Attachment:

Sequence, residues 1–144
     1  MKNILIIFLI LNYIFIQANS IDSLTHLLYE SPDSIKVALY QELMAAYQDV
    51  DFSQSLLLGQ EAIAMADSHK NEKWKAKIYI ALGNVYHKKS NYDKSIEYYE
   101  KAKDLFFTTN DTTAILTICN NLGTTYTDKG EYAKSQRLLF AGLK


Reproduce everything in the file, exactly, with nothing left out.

Sequence, residues 1–144
     1  MKNILIIFLI LNYIFIQANS IDSLTHLLYE SPDSIKVALY QELMAAYQDV
    51  DFSQSLLLGQ EAIAMADSHK NEKWKAKIYI ALGNVYHKKS NYDKSIEYYE
   101  KAKDLFFTTN DTTAILTICN NLGTTYTDKG EYAKSQRLLF AGLK